How can we promote inclusive, equitable, and peaceful societies?

The role of norms in peace processes

Basement Room A-119 September 6, 2017 11:00 am - 12:30 pm

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Sara Hellmueller1, Thania Paffenholz2, Jamie Pring1, Julia Palmiano Federer1, Dana Landau2

1swisspeace; 2Inclusive Peace and Transition Initiative


The role of norms in international peace processes is growing. Peace mediators, peacekeepers, humanitarians and other actors are increasingly expected to incorporate or uphold a growing set of norms in their interventions. For instance, norms such as inclusivity, gender equality, transitional justice, democracy promotion and the powerful normative and legal instruments that accompany them are increasingly incorporated into the strategies of international and regional organizations, states, and non-state actors that engage and intervene in conflicts and crises around the world. Guidance documents and handbooks abound that outline recommendations and best practices for supporters of peace processes to promote these norms.

Premised on the notion that promoting these norms contributes to sustainable peace, current insights on norm diffusion in peace processes are generally treated prescriptively or only as part of the policy literature. In academic research, while there have been various studies on norm diffusion in international relations theory, the diffusion of norms in peace processes, especially the possible agency of actors in promoting or rejecting norms, has been less examined. This current trend leaves fundamental questions underexplored: How does norm diffusion take place in peace processes? What kind of norms are being diffused and how? What is the role of norms in peace processes? Do norms contribute to inclusive, equitable and peaceful societies and how? Who are the agents in norm diffusion?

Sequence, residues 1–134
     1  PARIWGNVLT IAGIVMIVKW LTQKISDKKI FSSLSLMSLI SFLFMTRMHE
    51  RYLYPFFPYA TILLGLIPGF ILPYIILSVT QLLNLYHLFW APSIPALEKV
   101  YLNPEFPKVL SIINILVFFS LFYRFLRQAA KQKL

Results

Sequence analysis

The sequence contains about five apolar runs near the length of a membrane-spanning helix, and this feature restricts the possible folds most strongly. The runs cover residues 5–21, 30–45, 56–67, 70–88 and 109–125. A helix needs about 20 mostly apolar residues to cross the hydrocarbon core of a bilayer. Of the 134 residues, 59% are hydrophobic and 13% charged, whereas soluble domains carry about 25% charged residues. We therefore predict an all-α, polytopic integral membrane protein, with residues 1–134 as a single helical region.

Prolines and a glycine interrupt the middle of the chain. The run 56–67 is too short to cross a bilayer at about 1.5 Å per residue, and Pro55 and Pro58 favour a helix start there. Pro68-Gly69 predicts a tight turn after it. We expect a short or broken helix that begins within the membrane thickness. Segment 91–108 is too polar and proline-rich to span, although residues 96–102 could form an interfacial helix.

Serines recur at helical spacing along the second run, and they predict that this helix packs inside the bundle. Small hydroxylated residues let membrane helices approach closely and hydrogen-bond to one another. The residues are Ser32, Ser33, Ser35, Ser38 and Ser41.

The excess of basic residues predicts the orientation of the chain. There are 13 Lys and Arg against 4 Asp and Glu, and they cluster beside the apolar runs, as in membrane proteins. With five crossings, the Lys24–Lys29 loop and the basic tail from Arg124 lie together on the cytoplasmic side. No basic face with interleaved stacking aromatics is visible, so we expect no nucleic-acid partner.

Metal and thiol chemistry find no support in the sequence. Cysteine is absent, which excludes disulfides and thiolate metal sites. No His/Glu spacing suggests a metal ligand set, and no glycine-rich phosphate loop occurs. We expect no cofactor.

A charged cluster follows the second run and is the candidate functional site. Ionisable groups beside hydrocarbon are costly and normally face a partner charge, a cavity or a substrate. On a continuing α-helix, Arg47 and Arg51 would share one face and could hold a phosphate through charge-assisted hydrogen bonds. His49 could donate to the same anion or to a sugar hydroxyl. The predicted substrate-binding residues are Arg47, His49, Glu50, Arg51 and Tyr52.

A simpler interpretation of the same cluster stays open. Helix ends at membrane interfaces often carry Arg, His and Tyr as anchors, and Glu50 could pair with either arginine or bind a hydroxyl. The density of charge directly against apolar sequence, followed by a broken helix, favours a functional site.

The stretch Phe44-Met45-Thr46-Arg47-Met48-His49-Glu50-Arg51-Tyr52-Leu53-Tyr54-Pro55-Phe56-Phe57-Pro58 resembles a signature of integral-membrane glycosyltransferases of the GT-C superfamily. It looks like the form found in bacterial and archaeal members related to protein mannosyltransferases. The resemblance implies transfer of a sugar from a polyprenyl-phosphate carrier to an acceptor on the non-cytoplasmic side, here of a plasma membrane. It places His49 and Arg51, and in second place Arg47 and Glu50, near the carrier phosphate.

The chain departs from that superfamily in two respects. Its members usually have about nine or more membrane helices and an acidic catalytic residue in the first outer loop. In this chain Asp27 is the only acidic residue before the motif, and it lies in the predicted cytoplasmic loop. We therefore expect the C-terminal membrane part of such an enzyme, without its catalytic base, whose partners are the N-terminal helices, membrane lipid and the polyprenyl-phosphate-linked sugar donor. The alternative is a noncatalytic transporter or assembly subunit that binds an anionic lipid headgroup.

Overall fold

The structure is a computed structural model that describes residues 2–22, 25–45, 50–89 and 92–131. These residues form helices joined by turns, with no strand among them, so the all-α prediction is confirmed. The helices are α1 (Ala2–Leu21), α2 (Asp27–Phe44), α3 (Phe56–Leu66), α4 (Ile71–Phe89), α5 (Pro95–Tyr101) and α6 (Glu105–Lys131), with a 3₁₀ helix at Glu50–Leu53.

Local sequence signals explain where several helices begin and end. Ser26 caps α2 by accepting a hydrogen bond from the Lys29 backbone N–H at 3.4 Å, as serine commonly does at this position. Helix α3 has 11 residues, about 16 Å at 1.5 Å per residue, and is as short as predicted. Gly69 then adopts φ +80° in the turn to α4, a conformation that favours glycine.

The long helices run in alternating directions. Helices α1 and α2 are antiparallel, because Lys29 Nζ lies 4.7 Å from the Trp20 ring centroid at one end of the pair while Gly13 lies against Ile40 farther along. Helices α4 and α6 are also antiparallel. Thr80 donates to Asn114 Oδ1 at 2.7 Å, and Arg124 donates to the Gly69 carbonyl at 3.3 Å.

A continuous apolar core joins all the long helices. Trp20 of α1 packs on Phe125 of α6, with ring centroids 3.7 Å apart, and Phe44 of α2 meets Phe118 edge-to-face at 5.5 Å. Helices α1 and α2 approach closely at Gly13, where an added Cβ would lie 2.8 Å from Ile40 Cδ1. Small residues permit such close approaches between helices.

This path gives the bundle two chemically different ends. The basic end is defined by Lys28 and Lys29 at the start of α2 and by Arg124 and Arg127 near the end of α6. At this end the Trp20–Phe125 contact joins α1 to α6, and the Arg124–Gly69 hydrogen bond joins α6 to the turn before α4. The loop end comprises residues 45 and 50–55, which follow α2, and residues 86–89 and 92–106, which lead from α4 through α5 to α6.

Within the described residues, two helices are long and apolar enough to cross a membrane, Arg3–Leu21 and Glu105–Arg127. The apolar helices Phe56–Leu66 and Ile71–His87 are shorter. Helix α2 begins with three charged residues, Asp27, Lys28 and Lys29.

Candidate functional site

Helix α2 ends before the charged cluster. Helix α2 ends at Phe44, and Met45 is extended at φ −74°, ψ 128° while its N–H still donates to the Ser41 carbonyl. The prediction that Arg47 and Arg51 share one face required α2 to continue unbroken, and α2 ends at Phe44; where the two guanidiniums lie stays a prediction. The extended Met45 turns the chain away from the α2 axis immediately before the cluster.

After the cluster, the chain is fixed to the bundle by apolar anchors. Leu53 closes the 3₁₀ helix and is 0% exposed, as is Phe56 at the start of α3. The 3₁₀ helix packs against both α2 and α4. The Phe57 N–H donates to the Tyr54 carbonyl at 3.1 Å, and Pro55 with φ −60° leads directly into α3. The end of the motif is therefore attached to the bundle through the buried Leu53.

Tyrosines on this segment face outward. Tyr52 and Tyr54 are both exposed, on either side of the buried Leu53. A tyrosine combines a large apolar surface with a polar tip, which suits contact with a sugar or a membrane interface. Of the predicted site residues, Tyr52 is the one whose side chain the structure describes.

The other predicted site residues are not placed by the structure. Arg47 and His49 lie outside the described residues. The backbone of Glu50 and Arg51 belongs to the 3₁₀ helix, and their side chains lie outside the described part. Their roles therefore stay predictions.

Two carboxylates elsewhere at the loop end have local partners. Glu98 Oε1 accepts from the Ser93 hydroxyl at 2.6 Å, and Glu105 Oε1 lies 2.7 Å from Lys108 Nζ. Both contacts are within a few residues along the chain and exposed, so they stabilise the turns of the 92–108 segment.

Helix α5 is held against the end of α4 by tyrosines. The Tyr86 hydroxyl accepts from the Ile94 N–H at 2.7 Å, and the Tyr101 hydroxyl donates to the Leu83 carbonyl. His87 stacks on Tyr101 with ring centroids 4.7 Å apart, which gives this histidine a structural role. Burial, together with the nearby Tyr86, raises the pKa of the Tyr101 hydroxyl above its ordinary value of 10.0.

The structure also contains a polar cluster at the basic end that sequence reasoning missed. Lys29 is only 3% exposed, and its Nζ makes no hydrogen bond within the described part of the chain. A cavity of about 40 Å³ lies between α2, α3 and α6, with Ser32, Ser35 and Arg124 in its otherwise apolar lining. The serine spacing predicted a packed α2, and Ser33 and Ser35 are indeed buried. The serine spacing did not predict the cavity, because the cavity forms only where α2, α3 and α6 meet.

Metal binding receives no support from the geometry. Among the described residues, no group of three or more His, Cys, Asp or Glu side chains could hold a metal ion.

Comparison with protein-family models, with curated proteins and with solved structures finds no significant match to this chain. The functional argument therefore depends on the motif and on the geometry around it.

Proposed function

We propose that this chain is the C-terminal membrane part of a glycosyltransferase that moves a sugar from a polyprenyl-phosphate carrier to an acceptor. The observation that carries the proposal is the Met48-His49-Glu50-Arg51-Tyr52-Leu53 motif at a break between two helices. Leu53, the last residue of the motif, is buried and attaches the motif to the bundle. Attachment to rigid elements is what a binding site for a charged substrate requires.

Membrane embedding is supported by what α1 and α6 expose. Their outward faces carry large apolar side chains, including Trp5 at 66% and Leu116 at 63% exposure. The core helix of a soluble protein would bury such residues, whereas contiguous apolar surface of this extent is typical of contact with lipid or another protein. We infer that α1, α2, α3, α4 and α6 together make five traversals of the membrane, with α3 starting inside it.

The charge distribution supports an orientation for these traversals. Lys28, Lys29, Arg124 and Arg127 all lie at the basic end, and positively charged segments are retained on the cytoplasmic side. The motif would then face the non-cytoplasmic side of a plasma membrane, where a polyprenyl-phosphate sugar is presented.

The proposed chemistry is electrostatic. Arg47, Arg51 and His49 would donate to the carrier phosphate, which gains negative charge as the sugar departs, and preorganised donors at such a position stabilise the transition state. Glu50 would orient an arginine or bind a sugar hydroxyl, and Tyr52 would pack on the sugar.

This panel seeks to contribute to analysing the trend of increased normative demands addressed at peace actors and supporters of peace processes. It aims to gather policy and research experts that have studied and/or supported peace processes around the world in an innovative roundtable format to exchange their perspectives on these questions. The format is an interactive one in which 4-6 scholars discuss the topic from various perspectives. These include scholars analysing the role of norms in peace processes from a legal, humanitarian or political science background as well as researchers providing specific case studies on how the diffusion of specific norms has influenced the peace process in a given context. After an initial discussion amongst these scholars, the floor is opened to the audience to participate in the reflections.

In line with one of the conference themes, “How can we promote inclusive, equitable, and peaceful societies?”, the session aims to generate insights on whether and how the diffusion of international norms foster security, stability and well-being of individuals and societies in fragile contexts. It explores the potential of international norms diffusion to trigger change in peace processes, as well as the risks and opportunities related to these changes.

Furthermore, the session aims to inspire further research on the impact of peace actors’ norm promotion in the conflict context. While the debates have largely focused on either requiring supporters of the peace process to promote specific norms or calling for more pragmatism with regard to the demands addressed, the session will assess the specific influence that peacebuilding actors have in norm diffusion.